The most widespread regulation was the “Assize of Bread”. This English law made in 1266 attempted to standardize the various local policies8. The Assize directed bakers to make a common weight of bread known as a penny loaf. However, the loaf could vary in weight, and thus price, according to the type of flour used. the white loaf was made from the finest white flour available. The “wheaten” loaf was coarser, and weighed half as much. “household” loaves were approximately double the weight of white loaves, made from unbolted flour9. Although the assize of bread made a good attempt, bread weights were inconsistently based on the going local rate of grain, and weights differed throughout the country. The Judgment of the Pillary was a law spelling out procedures to investigate and punish offenders10.
In times of famine or grain shortages, authorities had the power to “take over” bakers and force them to operate at below-market rates11. Bakers in this situation were not allowed to raise prices even though their ingredients were more expensive. Sometimes bread was simply taken from them to feed the town. For example, famine threatened northwest England in 1479.12 The local bakers were ordered to work for free and sell their bread at a very low cost. Those who refused were imprisoned and other townsfolk were recruited to bake in their place. Similar regulations were common throughout Europe. Because bread weights were generally tied to grain prices, bakers were often forbidden to sell or mill grain.13 This supposedly would discourage baker fraud.
Obviously a baker’s life was not easy. The work was hard, the hours terrible, and the laws numerous and constantly changing. Bakers fought back by organizing themselves into guilds, to limit the markets and increase their profits. As towns developed and organized, bakers did too. Bakers’ guilds flourished because they benefited both parties: towns ensured a more reliable source of bread for the public, and bakers could try to limit the competition. However, bread was simple enough that guilds did not last once the people gained easy access to flour and ovens. For their time, though, bakers’ guilds were a very efficient way to produce one of the most important parts of the renaissance diet.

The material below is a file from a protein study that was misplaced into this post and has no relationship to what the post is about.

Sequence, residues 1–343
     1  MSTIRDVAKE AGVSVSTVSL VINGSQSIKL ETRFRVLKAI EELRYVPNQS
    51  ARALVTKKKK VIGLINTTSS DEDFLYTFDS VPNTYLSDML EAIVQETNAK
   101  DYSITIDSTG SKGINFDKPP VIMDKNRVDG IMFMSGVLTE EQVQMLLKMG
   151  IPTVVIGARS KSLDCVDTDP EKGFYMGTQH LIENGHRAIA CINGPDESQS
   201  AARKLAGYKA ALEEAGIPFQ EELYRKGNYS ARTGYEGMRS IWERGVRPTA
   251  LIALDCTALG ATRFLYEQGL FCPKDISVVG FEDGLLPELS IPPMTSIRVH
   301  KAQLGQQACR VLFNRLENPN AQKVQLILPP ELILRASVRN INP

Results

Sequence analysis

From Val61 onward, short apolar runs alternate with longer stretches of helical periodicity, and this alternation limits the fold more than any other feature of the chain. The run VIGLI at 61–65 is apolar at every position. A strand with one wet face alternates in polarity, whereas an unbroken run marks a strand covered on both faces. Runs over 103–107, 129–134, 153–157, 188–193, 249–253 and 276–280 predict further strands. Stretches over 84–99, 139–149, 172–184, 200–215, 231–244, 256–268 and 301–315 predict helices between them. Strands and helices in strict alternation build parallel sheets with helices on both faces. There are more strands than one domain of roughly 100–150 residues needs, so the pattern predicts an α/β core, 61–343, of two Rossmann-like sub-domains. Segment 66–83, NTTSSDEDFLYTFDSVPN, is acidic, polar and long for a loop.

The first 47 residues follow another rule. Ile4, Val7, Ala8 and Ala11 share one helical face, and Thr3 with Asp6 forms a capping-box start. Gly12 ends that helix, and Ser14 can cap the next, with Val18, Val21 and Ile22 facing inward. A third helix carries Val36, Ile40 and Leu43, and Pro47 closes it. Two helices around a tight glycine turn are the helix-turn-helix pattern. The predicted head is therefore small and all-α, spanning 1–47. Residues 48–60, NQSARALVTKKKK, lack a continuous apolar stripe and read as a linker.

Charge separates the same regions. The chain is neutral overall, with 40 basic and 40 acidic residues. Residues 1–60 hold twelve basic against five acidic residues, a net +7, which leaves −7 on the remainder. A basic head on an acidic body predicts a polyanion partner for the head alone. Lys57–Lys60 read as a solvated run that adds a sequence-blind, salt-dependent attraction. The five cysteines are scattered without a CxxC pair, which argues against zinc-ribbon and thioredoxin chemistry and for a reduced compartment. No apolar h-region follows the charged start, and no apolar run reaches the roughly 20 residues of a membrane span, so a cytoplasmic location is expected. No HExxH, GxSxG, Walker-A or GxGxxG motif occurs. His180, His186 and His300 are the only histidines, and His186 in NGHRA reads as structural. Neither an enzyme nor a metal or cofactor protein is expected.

The most prevalent drink throughout all of Europe during this time was alcohol. This was because many people did not dare to drink the water for fear of contamination. So instead they fermented the water with different combinations of fruits and barley’s to create various wines and liquors. Around the area France grape juice from the grapes of the French vineyards were fermented to create wine.14 This was one of the most widespread drinks throughout Europe. In the north and around England the Viking’s, and English men used barley, honey, and cider to create beers, and ales.15 This was one of the other very popular drinks during the time. Harder drinks such as whiskey and brandy were also consumed however they were less popular.
As strange as it may sound, only peasants ate fruits and vegetables. Many doctors went as far as warning people not to eat vegetables. This is because many vegetables and berries were thought to be poisonous. However fruits made up the largest portions of peasants diets, because if they were found they were free.16